The First Lord’s Supper

Mark 14:22-25

Dr. S. Lewis Johnson expounds Christ's institution of the memorial supper and the symbolism Jesus made of the bread and wine.

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Now we are studying the Lord’s Supper. And for those of you who are visiting, in the first of the series, we are looking at the first Passover in Exodus chapter 12, and then we have turned to the New Testament, and we are looking at the last Passover, and the first Lord’s Supper. Last Sunday, we looked at the last Passover. Today we looked at the first Lord’s Supper, both of which occurred together in that meeting the Lord had with the apostles just before he died.

And we’re looking at the Markan account in chapter 14 and for the Scripture reading today, we’re reading Mark chapter 14 and verse 22 through verse 25. Here, Mark the Evangelist – probably the evangelist of Peter, as well as of our Lord, for this is probably Peter’s approach to the gospel – we read in verse 22,

“And as they did eat, Jesus took bread, and blessed, and brake it, and gave to them, and said, Take, eat: this is my body. And he took the cup, and when he had given thanks, he gave it to them: and they all drank of it. And he said unto them, This is my blood of the new testament (or new covenant), which is shed for many (Matthew adds, “for the remission of sins”). Verily I say unto you, I will drink no more of the fruit of the vine, until that day that I drink it new in the kingdom of God.”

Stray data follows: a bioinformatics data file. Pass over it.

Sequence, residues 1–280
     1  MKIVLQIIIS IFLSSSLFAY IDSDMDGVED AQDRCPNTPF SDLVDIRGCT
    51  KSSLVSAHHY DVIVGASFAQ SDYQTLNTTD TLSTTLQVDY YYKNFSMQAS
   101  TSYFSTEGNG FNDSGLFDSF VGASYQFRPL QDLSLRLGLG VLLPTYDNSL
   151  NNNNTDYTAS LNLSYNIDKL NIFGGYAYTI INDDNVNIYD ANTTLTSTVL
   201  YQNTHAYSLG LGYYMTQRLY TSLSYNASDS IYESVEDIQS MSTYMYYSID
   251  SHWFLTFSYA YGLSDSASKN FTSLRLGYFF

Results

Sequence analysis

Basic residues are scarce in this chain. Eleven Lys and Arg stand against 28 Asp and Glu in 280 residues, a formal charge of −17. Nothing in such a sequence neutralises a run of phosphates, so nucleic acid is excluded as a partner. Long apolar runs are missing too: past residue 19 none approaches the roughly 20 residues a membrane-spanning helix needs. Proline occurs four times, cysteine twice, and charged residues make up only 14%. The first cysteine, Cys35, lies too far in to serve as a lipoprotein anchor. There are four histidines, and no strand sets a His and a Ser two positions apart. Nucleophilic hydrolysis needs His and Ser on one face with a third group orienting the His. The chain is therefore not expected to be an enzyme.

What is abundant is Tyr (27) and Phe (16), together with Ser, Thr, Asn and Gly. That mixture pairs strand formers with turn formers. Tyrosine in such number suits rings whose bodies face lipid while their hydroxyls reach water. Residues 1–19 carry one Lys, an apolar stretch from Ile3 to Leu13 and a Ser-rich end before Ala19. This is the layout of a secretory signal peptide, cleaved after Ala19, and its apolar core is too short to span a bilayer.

May the Lord bless this reading of his word.

[Message] Our subject today in the ministry of the word is “The First Lord’s Supper.” It is probable that the word atonement is the most important word in Christian theology. Atonement, the English word, is derived from the English preposition “at,” plus the Old Middle English word, “onement” which means something like “union.” And so atonement is that which brings us into harmony with the one to whom the atonement is directed. And in the Christian context, atonement refers to what Christ did in his death, restoring the shattered relationship between sinners and a holy God. And the price of his death is the means of the atonement.

Liberal Christianity has always resented the evangelical doctrine of the atonement. It has sought to keep the word Christianity, and it has sought to keep the word redemptive, but it would love to be able to eliminate the historic Christian conviction that Jesus Christ, the Son of God, in his sacrificial death upon the cross wrought reconciliation of men with God. For faith in a crucified redeemer, whose life is a ransom for sinners, they have substituted a “Christ-like” attitude, or a religious feeling, or even membership in the redemptive community.

It has been said, Professor Warfield said many years ago, that liberal Christianity “lacks the power to originate a church and can only exist as a parasite growing upon some sturdier stock.” Well that is true. Liberal Christianity can never originate a church, it can only live as a parasite, and by growing upon a sturdier stock, we have seen the strange thing take place that it has become the dominant force in many of our professing Christian churches.

The man who believes that he is redeemed by the blood of Jesus Christ shed as a sacrificial sacrifice for him is of an entirely different character from the man who thinks he may redeem himself by a Christ-like attitude, or by good works. “There is indeed,” Professor Warfield wrote, “No alternative.” The redeemed in the blood of Christ, after all is said, are a people apart. Call them Christians, or call them what you please, they are of a specifically different religion from those who know no such experience.